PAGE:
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Body cameras are only first step toward ending police brutality


Police brutality has a long and ugly history in this country, and it seems that Officer Darren Wilson’s fatal shooting of Michael Brown this past summer was the last straw —the entire country is finally taking a powerful stand against it. Protestors have made it clear that they will not let this one go. 

The injustice of the recent grand jury decision not to indict Wilson (meaning he would not even have to go to trial) is what is fueling these already raging protests, and the issue is receiving national and international attention. The National Bar Association released a statement criticizing the grand jury decision, voicing its concern with the corruption of the prosecutor regarding his conflict of interest in the case and making it clear that the case would still be pursued at a federal level. Even the United Nations has set up a special panel to investigate the way the U.S. deals with police brutality against black people. There’s really no question about it: Black people in America continue to deal with racism and injustice on an institutional level that has no place here or anywhere else in the world, and it is literally costing them their lives.

Yesterday, President Barack Obama announced that the federal government is providing $263 million to fund police training and body cameras. This includes $75 million specifically allocated for 50,000 cameras for police officers across the country. Several police departments across the country already use cameras on patrol cars and body cameras on officers, including a few in New Jersey. There is some evidence to suggest that police officers that wear the cameras are less likely to abuse their authority. For example, in a recent study by the Police Foundation, about half of the police patrol in Rialto, California wore body cameras for a year. By the end of the study, there were three complaints filed against police officers in the force, down from 28 the previous year.

The rest of the federal funding goes toward police training, educational resources and outreach programs to build trusting relationships between law enforcement and the communities they are supposed to serve. These are the kinds of programs that we need to be focusing on if we expect any real, meaningful change in the mentality of law enforcement officials across the country. 

The general lack of accountability from police has been a hot topic, and many activists — including Brown’s parents — have called for body cameras on all police officers to address the issue. This is certainly an important step in what is going to be a long, multi-faceted approach to cracking down on the unacceptable abuse of power by law enforcement. The recent grand jury decision not to indict Wilson was attributed to a lack of clear evidence and conflicting eyewitness accounts — cameras are obviously extremely useful for capturing evidence that is often disputed. But they are not a sufficient solution to the issue at hand.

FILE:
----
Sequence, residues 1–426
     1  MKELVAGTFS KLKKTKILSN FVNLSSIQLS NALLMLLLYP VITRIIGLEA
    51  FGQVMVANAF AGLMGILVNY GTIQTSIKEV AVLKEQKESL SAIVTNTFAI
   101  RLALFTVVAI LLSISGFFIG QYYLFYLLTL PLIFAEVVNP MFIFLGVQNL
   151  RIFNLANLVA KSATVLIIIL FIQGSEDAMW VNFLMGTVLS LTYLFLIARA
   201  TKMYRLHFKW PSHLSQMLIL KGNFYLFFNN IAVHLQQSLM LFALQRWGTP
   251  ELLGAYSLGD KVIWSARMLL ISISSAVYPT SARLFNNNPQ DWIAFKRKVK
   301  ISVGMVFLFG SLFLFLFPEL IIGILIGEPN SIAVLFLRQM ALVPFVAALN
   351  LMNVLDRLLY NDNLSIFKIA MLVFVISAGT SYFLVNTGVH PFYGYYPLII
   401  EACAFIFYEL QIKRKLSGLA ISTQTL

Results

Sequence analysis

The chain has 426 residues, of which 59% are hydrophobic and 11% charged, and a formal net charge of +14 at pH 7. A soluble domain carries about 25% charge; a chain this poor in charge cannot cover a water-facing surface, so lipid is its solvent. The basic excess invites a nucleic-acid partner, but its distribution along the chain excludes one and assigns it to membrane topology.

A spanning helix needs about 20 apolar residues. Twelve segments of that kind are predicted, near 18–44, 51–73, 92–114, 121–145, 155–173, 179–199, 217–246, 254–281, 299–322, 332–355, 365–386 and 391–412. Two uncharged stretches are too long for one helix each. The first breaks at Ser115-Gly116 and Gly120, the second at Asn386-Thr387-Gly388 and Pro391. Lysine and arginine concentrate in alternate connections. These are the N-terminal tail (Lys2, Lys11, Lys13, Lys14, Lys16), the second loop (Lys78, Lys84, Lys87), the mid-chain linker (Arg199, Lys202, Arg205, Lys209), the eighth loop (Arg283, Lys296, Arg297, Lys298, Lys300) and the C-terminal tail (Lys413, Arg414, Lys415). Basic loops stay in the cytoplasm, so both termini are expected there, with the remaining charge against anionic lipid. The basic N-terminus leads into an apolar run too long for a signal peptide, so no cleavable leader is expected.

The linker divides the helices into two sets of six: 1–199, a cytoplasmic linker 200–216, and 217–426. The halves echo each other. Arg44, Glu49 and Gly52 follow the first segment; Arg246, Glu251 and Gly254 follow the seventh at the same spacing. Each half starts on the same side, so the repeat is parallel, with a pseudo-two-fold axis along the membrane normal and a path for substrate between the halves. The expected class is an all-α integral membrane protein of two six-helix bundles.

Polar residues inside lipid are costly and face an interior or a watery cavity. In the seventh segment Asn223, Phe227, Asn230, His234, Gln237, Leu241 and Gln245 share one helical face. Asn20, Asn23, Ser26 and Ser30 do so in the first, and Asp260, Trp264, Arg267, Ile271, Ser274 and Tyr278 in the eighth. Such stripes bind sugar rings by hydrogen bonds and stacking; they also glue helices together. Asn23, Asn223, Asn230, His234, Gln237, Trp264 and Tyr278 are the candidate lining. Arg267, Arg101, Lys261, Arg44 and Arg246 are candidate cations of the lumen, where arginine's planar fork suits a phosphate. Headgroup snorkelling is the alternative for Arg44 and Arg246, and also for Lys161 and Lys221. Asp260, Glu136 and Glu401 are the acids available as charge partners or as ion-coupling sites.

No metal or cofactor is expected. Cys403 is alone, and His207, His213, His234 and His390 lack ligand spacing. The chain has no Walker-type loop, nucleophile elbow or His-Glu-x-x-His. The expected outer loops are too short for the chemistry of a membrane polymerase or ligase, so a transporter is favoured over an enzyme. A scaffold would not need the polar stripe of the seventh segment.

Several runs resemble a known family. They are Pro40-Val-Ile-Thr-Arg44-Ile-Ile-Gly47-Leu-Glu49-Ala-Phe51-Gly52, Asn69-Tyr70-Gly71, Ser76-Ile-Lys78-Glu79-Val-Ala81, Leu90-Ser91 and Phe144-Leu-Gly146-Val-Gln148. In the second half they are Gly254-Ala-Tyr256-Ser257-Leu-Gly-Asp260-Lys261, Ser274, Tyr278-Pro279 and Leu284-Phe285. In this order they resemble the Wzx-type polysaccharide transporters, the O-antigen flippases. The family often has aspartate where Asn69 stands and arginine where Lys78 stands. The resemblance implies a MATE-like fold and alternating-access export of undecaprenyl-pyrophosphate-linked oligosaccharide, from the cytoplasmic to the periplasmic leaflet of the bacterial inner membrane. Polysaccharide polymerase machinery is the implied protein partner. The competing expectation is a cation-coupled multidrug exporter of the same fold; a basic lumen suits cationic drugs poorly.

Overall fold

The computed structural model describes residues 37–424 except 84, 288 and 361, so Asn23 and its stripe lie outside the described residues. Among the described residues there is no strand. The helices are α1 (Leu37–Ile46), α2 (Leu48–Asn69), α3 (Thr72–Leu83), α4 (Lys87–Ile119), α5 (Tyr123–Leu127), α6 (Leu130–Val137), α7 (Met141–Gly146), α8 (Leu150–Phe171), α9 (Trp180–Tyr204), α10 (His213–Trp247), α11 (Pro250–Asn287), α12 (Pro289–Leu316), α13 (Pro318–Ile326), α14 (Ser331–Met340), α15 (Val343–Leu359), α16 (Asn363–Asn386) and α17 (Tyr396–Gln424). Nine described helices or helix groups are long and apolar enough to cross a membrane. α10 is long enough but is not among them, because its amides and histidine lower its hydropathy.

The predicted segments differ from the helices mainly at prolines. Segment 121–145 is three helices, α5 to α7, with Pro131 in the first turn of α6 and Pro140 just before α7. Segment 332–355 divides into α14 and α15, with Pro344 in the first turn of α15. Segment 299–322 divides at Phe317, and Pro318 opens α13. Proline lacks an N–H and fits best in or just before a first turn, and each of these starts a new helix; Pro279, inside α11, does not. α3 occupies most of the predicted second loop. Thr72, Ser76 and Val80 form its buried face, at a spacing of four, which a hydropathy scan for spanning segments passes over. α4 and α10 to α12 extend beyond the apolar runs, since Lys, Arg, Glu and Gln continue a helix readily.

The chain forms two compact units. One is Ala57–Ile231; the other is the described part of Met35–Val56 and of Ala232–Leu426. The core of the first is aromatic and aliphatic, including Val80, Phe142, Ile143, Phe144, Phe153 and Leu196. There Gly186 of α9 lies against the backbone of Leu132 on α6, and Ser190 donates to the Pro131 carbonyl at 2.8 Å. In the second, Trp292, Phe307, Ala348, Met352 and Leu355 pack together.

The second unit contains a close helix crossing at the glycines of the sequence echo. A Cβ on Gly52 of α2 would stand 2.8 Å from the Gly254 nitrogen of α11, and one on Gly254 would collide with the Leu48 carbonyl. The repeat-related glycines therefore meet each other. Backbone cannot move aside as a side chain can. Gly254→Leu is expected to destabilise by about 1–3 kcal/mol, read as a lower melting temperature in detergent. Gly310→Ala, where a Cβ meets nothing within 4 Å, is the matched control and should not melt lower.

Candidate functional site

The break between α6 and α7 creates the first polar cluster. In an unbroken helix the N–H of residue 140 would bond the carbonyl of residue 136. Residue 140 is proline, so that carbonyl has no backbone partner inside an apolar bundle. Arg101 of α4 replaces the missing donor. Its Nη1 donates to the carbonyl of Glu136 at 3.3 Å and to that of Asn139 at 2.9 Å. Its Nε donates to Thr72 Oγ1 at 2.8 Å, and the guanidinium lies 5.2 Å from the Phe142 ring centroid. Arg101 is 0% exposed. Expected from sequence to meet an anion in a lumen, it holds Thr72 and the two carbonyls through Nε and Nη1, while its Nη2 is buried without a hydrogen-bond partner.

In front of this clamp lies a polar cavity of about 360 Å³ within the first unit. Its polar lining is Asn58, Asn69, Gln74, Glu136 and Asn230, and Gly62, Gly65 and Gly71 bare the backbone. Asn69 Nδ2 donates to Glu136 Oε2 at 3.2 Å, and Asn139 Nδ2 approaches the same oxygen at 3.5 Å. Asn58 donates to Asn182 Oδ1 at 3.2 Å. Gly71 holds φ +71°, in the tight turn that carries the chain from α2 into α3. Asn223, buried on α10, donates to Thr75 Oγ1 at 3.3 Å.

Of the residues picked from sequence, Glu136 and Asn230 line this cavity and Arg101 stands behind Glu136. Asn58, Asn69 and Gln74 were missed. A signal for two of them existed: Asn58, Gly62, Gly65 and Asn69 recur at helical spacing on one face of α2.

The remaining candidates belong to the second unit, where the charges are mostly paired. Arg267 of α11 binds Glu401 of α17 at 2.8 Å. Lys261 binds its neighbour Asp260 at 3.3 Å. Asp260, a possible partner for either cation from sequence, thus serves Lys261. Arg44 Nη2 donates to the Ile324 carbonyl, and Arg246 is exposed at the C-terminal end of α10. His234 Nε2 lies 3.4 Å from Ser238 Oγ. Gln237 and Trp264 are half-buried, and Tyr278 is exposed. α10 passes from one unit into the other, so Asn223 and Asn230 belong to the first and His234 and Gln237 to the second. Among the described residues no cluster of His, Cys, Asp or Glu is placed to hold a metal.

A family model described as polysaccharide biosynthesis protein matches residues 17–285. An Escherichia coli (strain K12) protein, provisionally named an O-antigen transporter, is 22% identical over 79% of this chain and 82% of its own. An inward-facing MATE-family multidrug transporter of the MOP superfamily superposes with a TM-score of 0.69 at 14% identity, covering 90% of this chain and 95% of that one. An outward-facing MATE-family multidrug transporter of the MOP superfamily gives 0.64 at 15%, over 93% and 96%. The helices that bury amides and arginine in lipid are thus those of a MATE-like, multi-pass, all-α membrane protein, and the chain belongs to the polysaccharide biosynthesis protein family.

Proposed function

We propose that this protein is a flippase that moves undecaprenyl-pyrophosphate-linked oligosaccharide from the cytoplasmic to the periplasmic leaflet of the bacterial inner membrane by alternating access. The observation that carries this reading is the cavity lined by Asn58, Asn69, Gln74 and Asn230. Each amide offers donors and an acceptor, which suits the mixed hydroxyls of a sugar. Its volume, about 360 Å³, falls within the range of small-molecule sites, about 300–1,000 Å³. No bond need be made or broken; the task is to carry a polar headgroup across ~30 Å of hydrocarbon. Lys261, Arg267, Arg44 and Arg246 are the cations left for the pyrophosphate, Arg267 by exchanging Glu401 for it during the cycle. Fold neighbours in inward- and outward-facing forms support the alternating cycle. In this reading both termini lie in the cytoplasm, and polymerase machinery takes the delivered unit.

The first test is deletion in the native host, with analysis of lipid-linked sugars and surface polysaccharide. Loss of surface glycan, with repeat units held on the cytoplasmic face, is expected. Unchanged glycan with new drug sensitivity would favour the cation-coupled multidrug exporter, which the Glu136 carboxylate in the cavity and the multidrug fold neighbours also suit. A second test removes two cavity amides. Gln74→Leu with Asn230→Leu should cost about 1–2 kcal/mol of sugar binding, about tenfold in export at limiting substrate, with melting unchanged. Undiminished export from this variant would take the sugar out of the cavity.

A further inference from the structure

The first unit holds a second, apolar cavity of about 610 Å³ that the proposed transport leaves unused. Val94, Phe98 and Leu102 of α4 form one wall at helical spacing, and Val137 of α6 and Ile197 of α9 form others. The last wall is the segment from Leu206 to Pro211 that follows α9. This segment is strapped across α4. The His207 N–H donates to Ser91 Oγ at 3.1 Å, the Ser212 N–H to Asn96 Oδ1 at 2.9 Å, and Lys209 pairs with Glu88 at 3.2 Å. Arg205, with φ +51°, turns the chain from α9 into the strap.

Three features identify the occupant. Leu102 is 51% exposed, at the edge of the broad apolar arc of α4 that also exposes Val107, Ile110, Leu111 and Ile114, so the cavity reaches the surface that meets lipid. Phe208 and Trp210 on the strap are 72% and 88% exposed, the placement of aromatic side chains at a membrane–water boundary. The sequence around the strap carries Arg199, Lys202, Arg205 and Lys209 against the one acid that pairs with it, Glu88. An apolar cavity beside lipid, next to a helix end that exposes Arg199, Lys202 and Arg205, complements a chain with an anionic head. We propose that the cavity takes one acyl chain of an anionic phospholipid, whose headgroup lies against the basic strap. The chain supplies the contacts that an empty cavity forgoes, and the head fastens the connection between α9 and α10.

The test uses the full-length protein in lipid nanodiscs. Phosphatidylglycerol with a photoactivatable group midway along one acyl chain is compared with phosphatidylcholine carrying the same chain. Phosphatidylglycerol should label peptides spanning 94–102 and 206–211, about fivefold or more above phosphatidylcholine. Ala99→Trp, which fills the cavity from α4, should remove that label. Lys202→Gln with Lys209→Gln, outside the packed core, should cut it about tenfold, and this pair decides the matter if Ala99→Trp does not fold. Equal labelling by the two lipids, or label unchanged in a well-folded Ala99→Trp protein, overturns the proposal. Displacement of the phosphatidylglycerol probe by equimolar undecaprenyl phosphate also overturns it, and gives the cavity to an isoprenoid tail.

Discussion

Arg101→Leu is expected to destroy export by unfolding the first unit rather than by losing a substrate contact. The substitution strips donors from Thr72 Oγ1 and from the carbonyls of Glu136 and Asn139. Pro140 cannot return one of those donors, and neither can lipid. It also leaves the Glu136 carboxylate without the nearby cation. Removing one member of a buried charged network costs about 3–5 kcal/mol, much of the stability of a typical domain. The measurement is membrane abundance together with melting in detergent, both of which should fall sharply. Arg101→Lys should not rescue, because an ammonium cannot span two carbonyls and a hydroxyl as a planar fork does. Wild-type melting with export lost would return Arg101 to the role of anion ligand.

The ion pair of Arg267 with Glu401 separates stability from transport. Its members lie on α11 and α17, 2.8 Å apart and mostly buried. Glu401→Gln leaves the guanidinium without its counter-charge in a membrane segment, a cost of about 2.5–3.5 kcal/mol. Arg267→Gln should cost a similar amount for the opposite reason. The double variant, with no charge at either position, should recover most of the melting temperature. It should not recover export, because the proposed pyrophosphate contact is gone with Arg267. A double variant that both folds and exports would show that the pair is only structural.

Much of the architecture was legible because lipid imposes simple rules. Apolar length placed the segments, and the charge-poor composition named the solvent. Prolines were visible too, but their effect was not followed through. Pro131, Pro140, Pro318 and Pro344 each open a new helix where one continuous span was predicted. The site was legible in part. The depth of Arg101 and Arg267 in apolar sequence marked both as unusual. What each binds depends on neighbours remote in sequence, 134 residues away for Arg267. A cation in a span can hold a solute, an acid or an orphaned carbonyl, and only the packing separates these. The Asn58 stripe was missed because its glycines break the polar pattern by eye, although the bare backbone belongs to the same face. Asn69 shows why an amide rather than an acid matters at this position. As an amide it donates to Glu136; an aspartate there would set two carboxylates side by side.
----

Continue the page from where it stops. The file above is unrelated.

While equipping officers with body cameras is sure to increase accountability on a superficial level, it still does nothing to address the underlying and deeply rooted issues of structural, institutional, blatant racism that drive the crimes committed by police officers against members of the black community. Brown’s shooting is not an isolated incident rather part of a disturbing pattern of law enforcement officials targeting black communities. Equipping police officers with body cameras is too much of a short-term solution, and while it will obviously help to hold police officers accountable for their actions, it cannot be seen as a substitute for a systemic, sustainable solution. If the government is pouring hundreds of million of dollars into alleviating a serious nationwide program, we really hope that there is an appropriate amount of research going into it to make sure it’s targeting the right issues in the rights ways. Body cameras might help as a temporary Band-Aid, but we need to see more proactive solutions being presented before we can begin to make real progress.


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